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Lumen Autumn 2017 Issue
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Shouwn leverages the power of education

Shouwn Oosting

Shouwn Oosting
When Lumen featured alumnus Shouwn Oosting in 2003, he was graduating with a Bachelor of Commerce while breaking new ground as the University’s first Indigenous mace bearer. Since then Shouwn has leveraged his education to pursue what he is really passionate about – improving outcomes for Aboriginal people.

As an Aboriginal person, Shouwn Oosting is only too aware of the struggles of his elders to create opportunities and improve outcomes for Aboriginal people. Shouwn’s mother is a member of the Stolen Generation and through the story of her upbringing and the challenges she faced, he realised early on that you need to grab opportunities in life – and that includes a good education.

Shouwn commenced a Bachelor of Commerce in 2000 and a year into the degree applied to take on a Bachelor of Laws and complete a double degree.

“I thought commerce and law would provide me with a really robust education and help me develop critical thinking which would be a nice fit with the career pathway that I had in mind. So I put my hand up for it and got in … I started the double degree in 2002,” says Shouwn.

During the double degree, Shouwn made a successful application to participate in an Indigenous Cadetship Program with the Crown Solicitor’s Office within the Attorney General’s Department. The cadetship was strongly connected to the law program so he could practically apply what he was learning.

“The cadetship program was very structured and a lot of the placements I did within the Crown were directly related to what I was studying.

“I honestly believe that the cadetship was the difference in me completing the law program.”

At the time he was studying, to practice law in South Australia graduates were required to complete the Bachelor of Laws and a Graduate Diploma in Legal Practice as well as a practical placement with a registered law firm. In 2006 Shouwn had a couple of electives left of his law degree, he had started the graduate diploma, he was working full-time and raising a young family. Life was hectic.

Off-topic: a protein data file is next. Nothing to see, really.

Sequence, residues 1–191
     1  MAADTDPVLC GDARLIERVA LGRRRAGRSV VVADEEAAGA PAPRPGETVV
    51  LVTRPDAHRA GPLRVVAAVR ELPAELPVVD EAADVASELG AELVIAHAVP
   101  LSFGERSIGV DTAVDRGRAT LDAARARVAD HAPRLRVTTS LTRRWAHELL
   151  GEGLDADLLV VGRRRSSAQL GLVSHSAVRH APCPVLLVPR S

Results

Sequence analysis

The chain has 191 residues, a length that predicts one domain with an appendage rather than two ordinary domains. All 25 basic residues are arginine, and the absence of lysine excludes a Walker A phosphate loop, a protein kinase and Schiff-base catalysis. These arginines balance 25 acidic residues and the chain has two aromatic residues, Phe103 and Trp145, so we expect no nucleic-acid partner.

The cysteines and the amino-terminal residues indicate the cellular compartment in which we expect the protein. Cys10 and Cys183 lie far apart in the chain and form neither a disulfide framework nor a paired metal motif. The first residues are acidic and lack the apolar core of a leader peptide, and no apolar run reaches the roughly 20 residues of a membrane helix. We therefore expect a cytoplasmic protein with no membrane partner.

“It was quite challenging – but I had a very clear goal,” says Shouwn.

Near the end of his cadetship, Shouwn identified an employment opportunity with the Department of Health, as a Senior Project Officer within the Aboriginal Health Workforce Development unit. This role really appealed to Shouwn because it provided an opportunity to work in a very important area. It was a difficult decision to make and would mean, for the time being, moving away from the legal sector.

“My manager at the Crown Solicitor’s said to me, ‘so what do you really want to do? What is the thing that really drives you?’ And I said, ‘this role really interests me’. So he encouraged me to have a crack at it.”

Shouwn still finished his law degree and the Graduate Diploma in Legal Practice, and in 2009 gained admission as a barrister and solicitor of the Supreme Court of South Australia.

Since 2010, Shouwn has been working at the Department of State Development (formerly the Department of Further Education, Employment, Science and Technology) as a Principal Consultant. Much of Shouwn’s current role is around policy coordination and strategy development, supporting implementation of the State Government’s policy to improve employment outcomes for Aboriginal people.

“I’ve been involved in a lot of rewarding, challenging work – and there’s still plenty to be done and I’m keen to keep chipping away.

“At the moment I’m doing what I love doing. I get out of bed excited about the day ahead and that’s a really powerful position to be in.”

Another area that Shouwn is passionate about and actively involved in is Reconciliation. He is the Chairperson of Campbelltown Council’s Reconciliation Advisory Committee, a volunteer position that he finds very rewarding.

“I love being involved in the Reconciliation movement because I think that’s where we are going to see generational impact and generational change – but we need to bring all Australians on the Reconciliation journey to be effective.”

In addition to Shouwn’s dedication to improving outcomes for Aboriginal people, Shouwn is also devoted to his family. His eldest son is now 17 and in year 12, and he has twin boys in year 10.

“My kids are certainly at the top of my agenda and particularly now it’s about making sure they make the best possible decisions to give themselves lifelong opportunities. In many ways, it’s doing what my parents did – it’s role modelling and setting strong values around education and work.”

Story by Kelly Brown
Photo by Russell Millard


Media Contact:
Kelly Brown
Communications Coordinator
External Relations
The University of Adelaide
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